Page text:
It seems like I've been writing ever since I can remember.  It started with poetry when I was about five years old. I was holding the hand of my wonderful cousin Rachel, a New York school teacher who was visiting our family in Houston. As we walked down the street, I saw a little tree toad about the size of my thumbnail and stopped to watch its tiny spring-loaded hops.  All these years later, I can still hear cousin Rachel’s voice,  tantalizing as the buttery puddles on top of hot toast. 

“Would you like to make up a poem about the little frog?” she asked.  
“I don’t know how,” I replied. 

And, ever so patiently, Rachel helped me create my first poem.”  It rhymed. And I can still remember almost all the words. But, unless you are five, too, it probably wouldn’t delight you nearly as much as it did me. 

I began filling my school notebooks with poems, then came journals, and eventually a small unpublished volume.  Most of my poems wound up on personalized birthday and mother's day cards, and an occasional publication in a poetry magazine.

My first published book began as a letter to my two sons as they were leaving the home nest.  Realizing that I had never clearly explained their ethnic and spiritual backgrounds, I told them the story of my family's escape from the pogroms of Eastern Europe, their long and arduous journey to America, and the challenges of making a new life in a new country.  The story wound up published by Bantam as The Soup Has Many Eyes: From Shtetl to Chicago - One Family's Journey Through History.  Despite some encouraging reviews, the memoir had little forward thrust. Intended as an immigrant story of hardships and triumphs, and who we are because of those who have come before us, and as an inspirational journey of the spirit, the story languished in the bookstores categorized under biographies “Axelrood,” collecting dust.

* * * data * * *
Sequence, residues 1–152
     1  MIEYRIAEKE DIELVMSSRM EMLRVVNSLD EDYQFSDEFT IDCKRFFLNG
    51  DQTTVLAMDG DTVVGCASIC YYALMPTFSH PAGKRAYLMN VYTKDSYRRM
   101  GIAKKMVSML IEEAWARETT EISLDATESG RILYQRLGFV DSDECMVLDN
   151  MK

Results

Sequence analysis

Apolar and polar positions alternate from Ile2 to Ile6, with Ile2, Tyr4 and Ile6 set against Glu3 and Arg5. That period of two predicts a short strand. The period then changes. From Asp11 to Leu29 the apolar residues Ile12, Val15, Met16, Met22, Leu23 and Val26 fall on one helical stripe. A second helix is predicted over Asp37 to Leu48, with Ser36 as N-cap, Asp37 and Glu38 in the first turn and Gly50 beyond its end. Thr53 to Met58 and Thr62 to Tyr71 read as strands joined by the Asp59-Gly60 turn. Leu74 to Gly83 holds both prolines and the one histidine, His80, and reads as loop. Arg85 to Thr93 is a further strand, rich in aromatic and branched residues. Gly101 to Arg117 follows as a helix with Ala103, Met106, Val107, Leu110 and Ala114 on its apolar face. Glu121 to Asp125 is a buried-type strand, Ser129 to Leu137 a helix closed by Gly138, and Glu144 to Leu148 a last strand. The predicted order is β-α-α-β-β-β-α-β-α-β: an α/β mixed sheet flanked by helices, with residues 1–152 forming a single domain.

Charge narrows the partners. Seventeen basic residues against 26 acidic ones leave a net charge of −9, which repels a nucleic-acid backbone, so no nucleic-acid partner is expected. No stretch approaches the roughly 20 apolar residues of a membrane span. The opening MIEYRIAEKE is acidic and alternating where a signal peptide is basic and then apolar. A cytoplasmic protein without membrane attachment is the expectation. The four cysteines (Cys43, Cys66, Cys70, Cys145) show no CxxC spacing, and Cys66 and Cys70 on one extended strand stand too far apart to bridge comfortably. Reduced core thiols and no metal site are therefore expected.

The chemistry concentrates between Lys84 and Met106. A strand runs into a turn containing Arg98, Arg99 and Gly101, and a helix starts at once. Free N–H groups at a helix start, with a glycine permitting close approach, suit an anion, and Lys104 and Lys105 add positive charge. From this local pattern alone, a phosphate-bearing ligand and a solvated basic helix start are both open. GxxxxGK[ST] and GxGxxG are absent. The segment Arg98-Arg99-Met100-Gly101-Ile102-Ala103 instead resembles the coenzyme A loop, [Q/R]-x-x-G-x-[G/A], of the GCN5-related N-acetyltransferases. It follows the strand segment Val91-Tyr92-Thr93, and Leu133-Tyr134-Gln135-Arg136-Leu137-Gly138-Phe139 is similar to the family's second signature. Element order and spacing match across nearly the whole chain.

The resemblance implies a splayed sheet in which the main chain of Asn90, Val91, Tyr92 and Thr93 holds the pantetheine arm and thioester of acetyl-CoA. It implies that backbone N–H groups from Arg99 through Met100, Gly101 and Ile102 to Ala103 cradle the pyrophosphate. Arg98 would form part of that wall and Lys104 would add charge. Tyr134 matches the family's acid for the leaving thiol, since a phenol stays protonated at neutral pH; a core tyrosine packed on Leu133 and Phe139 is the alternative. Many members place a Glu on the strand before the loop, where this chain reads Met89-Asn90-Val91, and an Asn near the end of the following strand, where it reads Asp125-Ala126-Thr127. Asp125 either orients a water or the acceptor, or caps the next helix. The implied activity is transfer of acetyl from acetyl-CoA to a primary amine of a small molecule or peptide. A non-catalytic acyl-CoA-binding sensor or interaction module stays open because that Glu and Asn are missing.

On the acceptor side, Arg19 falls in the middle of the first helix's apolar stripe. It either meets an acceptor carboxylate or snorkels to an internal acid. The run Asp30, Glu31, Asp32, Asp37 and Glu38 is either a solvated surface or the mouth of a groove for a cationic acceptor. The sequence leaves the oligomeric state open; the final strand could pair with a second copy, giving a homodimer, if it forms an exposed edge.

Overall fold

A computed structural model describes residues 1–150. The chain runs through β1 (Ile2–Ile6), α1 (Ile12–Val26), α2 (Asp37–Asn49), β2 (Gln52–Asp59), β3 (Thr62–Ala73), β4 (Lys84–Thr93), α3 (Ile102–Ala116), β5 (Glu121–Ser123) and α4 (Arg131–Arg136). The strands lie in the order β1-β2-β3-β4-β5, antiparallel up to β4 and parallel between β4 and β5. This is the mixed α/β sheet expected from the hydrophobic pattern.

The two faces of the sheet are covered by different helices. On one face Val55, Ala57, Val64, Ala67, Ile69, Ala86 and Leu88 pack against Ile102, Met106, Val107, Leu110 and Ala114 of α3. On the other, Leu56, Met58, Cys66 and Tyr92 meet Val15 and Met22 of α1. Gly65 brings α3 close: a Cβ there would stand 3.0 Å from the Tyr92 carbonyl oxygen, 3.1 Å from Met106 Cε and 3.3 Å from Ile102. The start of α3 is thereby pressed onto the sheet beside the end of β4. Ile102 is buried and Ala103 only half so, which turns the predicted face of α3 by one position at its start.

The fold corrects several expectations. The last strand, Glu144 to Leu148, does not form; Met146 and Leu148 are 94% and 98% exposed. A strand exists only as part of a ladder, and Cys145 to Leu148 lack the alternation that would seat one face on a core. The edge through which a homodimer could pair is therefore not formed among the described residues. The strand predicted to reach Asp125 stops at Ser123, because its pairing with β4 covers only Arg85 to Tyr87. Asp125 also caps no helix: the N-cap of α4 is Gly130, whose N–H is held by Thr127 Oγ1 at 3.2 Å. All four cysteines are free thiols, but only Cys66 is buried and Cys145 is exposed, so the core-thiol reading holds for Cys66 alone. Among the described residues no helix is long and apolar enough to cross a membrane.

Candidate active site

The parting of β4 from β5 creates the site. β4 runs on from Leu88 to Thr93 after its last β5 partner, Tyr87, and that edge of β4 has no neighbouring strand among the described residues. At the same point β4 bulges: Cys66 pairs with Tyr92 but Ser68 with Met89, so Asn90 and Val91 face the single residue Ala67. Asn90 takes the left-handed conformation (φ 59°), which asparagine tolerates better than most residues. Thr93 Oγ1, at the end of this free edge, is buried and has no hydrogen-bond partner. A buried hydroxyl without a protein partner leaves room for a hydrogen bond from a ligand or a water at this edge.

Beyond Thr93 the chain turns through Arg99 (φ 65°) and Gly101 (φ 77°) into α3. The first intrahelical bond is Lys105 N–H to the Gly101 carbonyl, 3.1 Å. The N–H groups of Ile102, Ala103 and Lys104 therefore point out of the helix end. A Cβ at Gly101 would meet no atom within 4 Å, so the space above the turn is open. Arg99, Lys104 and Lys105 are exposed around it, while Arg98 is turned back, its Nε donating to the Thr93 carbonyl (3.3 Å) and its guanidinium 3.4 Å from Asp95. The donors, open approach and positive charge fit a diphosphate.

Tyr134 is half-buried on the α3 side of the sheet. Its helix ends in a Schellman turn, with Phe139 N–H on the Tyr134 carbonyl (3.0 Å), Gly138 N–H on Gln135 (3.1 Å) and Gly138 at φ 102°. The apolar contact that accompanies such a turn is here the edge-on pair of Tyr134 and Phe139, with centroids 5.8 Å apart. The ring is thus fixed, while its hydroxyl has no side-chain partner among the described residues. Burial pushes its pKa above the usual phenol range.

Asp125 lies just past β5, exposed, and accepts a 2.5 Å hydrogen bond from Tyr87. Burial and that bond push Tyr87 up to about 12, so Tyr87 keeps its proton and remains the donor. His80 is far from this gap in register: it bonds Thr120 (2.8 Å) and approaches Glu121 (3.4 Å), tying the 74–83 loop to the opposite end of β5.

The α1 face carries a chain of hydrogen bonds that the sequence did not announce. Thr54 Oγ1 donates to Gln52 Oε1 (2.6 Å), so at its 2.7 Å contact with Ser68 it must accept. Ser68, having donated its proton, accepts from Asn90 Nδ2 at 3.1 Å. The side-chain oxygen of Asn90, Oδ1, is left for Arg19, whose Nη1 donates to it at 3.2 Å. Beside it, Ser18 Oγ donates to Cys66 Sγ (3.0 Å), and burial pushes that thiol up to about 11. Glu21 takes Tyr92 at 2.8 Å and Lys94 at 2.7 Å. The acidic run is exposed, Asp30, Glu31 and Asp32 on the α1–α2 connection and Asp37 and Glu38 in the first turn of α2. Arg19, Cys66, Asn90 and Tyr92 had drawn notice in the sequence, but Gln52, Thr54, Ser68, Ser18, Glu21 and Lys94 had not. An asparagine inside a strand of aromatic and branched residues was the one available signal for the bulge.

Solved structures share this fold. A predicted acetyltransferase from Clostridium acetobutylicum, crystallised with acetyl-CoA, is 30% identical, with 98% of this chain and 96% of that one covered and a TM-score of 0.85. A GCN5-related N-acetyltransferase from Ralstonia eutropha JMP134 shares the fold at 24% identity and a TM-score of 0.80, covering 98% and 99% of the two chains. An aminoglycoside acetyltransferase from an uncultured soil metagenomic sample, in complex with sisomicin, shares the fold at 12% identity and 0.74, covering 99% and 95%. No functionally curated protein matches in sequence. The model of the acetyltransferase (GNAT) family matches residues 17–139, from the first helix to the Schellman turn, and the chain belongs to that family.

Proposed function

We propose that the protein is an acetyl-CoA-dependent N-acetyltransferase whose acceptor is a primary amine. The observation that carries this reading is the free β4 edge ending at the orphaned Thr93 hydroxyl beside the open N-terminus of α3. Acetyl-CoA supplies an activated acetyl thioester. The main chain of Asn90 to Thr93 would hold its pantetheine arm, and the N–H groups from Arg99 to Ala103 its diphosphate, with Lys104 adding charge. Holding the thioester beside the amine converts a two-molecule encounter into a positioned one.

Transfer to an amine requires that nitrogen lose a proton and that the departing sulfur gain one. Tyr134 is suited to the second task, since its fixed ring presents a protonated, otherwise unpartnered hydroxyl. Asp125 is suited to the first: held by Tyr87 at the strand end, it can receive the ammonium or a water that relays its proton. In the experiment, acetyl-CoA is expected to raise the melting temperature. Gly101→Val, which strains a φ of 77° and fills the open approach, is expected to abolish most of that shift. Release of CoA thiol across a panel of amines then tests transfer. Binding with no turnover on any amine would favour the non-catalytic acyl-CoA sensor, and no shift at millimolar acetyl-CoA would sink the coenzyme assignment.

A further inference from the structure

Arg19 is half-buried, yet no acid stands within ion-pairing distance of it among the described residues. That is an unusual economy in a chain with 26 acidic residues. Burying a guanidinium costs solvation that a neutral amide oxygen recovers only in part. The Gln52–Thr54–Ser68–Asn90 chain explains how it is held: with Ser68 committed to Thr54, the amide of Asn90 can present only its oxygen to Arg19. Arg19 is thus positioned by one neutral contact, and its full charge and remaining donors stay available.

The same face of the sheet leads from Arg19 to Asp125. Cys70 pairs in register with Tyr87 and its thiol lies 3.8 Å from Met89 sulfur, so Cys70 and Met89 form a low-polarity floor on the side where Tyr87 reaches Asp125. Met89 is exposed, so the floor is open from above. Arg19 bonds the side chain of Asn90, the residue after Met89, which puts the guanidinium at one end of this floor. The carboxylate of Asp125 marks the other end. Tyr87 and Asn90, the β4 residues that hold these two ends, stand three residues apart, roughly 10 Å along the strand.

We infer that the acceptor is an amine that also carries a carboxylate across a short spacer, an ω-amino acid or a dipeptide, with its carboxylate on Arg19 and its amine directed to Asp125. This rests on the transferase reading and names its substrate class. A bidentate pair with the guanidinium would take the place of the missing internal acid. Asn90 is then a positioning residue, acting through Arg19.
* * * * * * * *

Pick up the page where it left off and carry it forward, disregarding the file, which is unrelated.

Three novels and ten years later, with the economy in the dumps and debut novelists as popular with agents and publishers as a case of stomach flu, a brave and tenacious agent not only agreed to read my book via email, but responded to say that she liked my writing and the story I was telling, but would only agree to read it again if I made major changes.  That took nearly another year--they really were major changes--and true to her word she read it again.  This time there were fewer changes needed, but it required another trip to the drawing board.

So. . .four years and seven or eight draft later (it’s not good for mental sanity to keep count after a certain point), The Healer of Fox Hollow began to make the rounds.  Six more months of anxiously checking my morning email to read mostly "rave rejections" that usually ended with an encouraging/discouraging comment like, "She's a lovely writer, but we just can't take a chance on a debut novel at this time."

You can imagine my delight when, after months of silence, my agent’s phone message began, "There's a new small publishing house that wants to publish your book."  And so, it's happening.  Because it’s a little press, the best hope for promotion will be buzz by those who find resonance in the pages of the story, and book clubs who find it worthy of discussion. (I’m glad to participate with book groups.)  

That’s my hope—that all sorts of folks from all sorts of places, with all sorts of ideas find a portal into the home we all share. A place where we can share the deepest part of ourselves beneath all the differences that divide us— a place where we are all trying to survive and thrive and find meaning and purpose. So if you are in a book club, or are a parent (mother, father, single parent) a healer, a faith group, spiritual seeker, wounded war vet, nature lover, lover of regions and culture, a teacher, someone who helps special needs kids, someone who has special needs, someone grappling with despair, someone who knows love or yearns to love, may the story of The Healer of Fox Hollow help shine the way, each to each other. 

If you are a writer, keep the faith! If you are a reader, thank you.

“There is a crack in everything. That’s how the light gets in.”  (Leonard Cohen)